During the height of the Great Depression, radios were being purchased by the millions. By 1938, nearly 80% of American homes had a radio. People were willing to forego many modern technological conveniences, but the radio remained a lifeline for the American public.
Politics, culture, race relations, and technology in a year of change.
Thoroughbred racehorse Seabiscuit was the long shot that captured America's heart during the Depression.
A courageous band of civil rights activists called Freedom Riders who in 1961 challenged segregation in the American South.
A marvel of engineering, architecture, and vision, the story of the Beaux Arts structure on 42nd street that forever changed midtown Manhattan.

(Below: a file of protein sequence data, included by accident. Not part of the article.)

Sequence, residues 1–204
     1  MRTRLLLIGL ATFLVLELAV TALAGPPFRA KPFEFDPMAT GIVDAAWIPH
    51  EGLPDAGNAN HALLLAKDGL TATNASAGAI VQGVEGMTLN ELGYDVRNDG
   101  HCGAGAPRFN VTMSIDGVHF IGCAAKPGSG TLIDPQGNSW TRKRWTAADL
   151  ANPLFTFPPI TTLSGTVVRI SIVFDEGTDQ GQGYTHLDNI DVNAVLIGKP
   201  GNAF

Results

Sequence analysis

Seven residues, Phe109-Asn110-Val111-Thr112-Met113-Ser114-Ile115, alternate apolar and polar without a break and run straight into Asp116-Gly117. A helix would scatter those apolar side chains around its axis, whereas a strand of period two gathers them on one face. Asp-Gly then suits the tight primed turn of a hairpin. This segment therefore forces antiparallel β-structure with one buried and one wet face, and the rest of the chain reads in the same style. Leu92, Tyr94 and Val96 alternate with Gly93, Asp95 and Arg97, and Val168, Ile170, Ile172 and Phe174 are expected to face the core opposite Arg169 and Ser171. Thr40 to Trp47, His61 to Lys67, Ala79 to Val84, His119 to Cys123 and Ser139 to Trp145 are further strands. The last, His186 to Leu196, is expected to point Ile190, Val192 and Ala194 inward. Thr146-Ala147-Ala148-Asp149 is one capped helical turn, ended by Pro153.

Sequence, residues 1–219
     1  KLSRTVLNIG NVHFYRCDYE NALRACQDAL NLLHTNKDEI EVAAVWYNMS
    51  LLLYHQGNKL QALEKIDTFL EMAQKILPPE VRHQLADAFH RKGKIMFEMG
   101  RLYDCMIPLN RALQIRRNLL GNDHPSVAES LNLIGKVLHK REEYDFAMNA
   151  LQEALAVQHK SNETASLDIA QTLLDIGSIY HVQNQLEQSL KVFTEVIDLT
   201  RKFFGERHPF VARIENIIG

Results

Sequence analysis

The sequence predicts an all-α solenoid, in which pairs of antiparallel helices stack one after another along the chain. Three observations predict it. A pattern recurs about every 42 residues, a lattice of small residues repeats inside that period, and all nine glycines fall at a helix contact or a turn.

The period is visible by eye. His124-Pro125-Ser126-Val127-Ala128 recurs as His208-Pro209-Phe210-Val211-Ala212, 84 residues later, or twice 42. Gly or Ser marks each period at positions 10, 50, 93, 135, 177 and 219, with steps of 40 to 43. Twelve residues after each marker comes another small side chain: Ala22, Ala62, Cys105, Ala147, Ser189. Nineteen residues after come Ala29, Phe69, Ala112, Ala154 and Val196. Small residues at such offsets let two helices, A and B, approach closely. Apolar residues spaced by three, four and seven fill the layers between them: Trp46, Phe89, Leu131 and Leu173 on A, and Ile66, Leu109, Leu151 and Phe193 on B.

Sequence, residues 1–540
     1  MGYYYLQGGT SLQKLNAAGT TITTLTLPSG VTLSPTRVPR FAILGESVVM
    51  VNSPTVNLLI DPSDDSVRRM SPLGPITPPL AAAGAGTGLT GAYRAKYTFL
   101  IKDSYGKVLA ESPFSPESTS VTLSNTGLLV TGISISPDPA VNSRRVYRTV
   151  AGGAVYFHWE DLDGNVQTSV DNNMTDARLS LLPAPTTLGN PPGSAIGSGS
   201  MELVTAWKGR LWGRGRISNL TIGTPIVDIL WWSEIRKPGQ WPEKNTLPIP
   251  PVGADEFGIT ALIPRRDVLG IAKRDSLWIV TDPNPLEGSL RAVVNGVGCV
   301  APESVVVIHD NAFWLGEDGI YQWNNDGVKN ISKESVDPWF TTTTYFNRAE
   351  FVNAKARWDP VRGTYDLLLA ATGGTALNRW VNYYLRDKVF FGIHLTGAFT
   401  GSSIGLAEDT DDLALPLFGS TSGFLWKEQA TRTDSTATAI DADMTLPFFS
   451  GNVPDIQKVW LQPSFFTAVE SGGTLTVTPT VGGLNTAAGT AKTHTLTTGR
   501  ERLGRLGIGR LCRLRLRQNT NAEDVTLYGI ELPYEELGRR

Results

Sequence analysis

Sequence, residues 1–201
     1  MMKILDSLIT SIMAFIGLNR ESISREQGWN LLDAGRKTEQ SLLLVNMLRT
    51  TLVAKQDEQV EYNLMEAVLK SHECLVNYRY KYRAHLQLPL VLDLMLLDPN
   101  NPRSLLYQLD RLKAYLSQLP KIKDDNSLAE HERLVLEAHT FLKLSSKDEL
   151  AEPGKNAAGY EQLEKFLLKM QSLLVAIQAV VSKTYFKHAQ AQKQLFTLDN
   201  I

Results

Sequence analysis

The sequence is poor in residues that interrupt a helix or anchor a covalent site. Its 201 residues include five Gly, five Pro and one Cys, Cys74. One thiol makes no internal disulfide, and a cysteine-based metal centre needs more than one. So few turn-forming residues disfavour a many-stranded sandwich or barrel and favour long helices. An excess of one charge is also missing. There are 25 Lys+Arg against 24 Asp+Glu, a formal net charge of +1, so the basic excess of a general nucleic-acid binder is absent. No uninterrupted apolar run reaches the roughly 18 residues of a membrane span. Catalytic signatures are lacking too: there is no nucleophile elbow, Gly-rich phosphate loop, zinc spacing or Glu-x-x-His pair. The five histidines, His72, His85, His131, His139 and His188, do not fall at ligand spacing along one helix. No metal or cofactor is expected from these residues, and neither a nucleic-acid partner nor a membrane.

The internationally famous carnival of delights in New York was the birthplace of the hot dog and the roller coaster.
Originally settled as a mail stop, Las Vegas changed from an Old West vacation town, to a mafia haven, to the "Atomic City" and "Sin City."
A new religion called spiritualism affected the nation in the era of Abraham Lincoln, P. T. Barnum and Frederick Douglass.
Between 1890 and 1920, 12 million people emigrated from Europe arriving in New York Harbor and Ellis Island.